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10.04.2018

Self-employed IVAs and your Assets

One key advantage which IVAs have over bankruptcy is that you will be able to retain your assets – including your property if you are a homeowner. With a self-employed IVA, you can still keep all of your assets in the vast majority of cases, but there are a few exceptions you should consider.

 

IVAs were originally designed with business-owners in mind, so it makes sense that this solution for repaying your debts disrupts trading far less than bankruptcy would. Nonetheless, there are instances where a few assets might need to be sold.

 

Business-related Assets

Your creditors are likely to make a far better return on what they leant you if your business continues to operate. For this to happen, of course, you will need to retain the tools, equipment, vehicles, or technology associated with the business, and will not be required to relinquish any of these assets. In a few cases, you may be asked to replace very valuable work-related assets with less expensive ones, and pay the difference towards your IVA. For example, if your business requires you to travel, and you currently own a valuable luxury car, you might be asked to replace it with a practical, inexpensive alternative. Even if you are asked to replace a business-related asset or to, you will never be asked to forego something which is necessary for your business to function.

 

Personal Assets

As mentioned earlier, IVAs protect your assets. In some rare cases, you might be asked to sell a highly valuable vehicle. However, if you can prove that the vehicle is necessary for your work, which it is likely to be if you are self-employed, you will be able to keep it, or at least a cheaper model. If you own a low-value vehicle, you will probably not be asked to sell it even if it is not deemed necessary to your work, since your creditors would be unlikely to really benefit from its sale by the time administrative costs were covered.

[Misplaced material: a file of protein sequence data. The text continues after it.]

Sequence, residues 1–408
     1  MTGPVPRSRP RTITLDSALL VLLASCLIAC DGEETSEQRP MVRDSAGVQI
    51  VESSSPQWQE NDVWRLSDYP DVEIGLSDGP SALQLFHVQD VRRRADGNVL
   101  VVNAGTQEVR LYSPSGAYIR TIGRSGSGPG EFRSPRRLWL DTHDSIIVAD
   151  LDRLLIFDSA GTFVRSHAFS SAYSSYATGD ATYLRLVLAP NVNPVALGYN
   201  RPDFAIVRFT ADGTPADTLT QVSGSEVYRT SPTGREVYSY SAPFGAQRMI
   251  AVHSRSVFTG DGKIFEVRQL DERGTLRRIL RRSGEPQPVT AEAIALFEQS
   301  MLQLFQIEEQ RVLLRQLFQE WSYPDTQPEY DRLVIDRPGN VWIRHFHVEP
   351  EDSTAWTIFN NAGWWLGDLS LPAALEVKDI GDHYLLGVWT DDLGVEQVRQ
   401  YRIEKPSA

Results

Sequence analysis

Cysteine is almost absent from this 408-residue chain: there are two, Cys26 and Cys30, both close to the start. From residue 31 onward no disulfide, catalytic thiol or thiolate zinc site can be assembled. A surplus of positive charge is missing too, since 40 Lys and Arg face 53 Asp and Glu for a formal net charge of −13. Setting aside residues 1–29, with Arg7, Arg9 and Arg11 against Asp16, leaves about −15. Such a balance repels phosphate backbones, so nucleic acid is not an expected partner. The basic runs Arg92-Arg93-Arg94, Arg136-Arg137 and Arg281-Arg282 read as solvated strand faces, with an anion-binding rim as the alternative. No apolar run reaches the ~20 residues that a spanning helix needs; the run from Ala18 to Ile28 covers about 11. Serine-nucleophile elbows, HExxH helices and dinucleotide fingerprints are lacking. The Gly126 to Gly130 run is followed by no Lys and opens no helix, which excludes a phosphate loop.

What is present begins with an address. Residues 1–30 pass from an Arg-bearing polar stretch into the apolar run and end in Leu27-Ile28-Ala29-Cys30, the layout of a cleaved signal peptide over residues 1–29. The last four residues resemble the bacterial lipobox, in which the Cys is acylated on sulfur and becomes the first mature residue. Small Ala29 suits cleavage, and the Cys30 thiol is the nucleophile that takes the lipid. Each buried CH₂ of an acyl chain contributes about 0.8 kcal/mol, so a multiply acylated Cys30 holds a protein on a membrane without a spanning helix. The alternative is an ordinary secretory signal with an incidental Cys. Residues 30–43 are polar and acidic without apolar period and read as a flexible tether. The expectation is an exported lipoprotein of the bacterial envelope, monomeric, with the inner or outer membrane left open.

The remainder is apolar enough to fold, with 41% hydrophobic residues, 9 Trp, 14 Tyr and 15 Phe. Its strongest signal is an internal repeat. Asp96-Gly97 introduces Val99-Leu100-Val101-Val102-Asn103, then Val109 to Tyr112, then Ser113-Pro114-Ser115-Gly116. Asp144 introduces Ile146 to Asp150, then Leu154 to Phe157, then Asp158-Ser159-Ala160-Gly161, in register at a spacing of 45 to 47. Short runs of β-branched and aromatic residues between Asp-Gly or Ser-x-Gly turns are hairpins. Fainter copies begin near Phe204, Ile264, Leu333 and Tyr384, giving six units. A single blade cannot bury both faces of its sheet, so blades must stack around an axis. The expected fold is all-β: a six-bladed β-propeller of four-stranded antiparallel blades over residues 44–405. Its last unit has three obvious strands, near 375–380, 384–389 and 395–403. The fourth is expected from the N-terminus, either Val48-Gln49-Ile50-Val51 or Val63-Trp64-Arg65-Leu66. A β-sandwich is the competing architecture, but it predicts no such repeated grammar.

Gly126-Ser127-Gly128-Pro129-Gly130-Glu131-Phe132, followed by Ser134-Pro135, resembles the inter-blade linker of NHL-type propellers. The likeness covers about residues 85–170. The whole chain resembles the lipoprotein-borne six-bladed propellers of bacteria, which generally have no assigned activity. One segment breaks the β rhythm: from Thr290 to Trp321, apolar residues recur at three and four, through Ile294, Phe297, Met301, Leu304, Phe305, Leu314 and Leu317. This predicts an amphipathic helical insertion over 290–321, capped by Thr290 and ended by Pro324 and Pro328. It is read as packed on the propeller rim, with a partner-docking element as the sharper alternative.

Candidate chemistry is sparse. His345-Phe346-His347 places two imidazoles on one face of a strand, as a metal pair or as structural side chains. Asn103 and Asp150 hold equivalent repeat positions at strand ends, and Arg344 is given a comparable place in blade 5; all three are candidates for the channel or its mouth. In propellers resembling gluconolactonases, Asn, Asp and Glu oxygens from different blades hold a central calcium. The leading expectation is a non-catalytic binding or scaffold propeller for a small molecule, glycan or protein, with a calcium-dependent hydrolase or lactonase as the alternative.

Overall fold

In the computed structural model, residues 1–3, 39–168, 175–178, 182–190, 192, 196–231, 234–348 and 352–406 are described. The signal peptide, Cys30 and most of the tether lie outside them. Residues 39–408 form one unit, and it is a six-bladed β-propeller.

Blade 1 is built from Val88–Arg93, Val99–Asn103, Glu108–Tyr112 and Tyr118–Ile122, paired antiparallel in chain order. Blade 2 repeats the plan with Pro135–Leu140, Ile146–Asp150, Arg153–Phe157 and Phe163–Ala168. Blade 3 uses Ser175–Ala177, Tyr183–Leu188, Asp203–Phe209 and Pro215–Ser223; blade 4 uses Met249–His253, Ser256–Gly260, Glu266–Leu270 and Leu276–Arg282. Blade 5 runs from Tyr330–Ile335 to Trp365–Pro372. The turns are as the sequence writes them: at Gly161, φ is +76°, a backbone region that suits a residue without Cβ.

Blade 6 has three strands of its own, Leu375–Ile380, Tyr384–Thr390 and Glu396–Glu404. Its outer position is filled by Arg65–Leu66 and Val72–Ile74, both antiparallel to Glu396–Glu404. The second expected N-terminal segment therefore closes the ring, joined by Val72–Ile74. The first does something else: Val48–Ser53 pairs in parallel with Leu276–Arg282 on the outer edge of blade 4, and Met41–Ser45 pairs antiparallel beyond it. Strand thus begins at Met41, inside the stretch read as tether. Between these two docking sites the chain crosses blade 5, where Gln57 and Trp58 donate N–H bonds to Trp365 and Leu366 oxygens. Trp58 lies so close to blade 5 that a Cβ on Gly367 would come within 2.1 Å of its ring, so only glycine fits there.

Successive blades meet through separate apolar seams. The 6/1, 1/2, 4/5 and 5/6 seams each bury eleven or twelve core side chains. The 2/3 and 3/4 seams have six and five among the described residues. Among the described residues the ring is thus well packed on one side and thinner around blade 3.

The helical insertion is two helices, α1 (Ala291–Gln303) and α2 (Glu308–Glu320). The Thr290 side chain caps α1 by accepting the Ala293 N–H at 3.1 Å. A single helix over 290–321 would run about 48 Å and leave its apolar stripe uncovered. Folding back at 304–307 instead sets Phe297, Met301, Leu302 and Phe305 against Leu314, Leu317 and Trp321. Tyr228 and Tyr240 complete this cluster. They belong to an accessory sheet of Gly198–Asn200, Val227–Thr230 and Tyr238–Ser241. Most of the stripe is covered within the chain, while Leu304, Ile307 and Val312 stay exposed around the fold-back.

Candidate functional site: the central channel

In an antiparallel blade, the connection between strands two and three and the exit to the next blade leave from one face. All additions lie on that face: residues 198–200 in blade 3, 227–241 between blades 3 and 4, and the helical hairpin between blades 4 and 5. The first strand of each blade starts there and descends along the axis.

Your Home

Unlike going through bankruptcy, having an IVA does not put your home at risk. However, if you have enough equity in it, you may be asked to release some in the final year of the IVA’s term by remortgaging. Exactly what happens will depend on how much equity you have in your property:

  • If you have £5,000 or less worth of Equity

If you have little or no equity in your home – £5,000 or less – you will not be asked to release it for your IVA. Instead, you can either make an extra year’s worth of monthly IVA payments, or a third party can make a lump-sum payment in lei of home equity, agreed upon by your creditors. If you do not own a home, you will also need to make either an extra twelve payments or have a third party offer a lump sum.

  • If you have more than £5,000 of Equity

If you have significant equity in your home – more than £5,000 – you will be asked to release some in order to complete your IVA. You will not be asked to release all of your equity, however, but up to 85%. In some cases, it is impossible to release equity because mortgage providers refuse to remortgage a property. If this occurs, you must instead agree to make an additional 12 months of payments, or have a third party make a lump sum payment towards your IVA on your behalf.

 

For more information, and to see whether an IVA would be the right solution for you, you can speak to a friendly Creditfix advisor by calling 0808 2085 198. Alternatively, click here to find out more about how an IVA could help your business.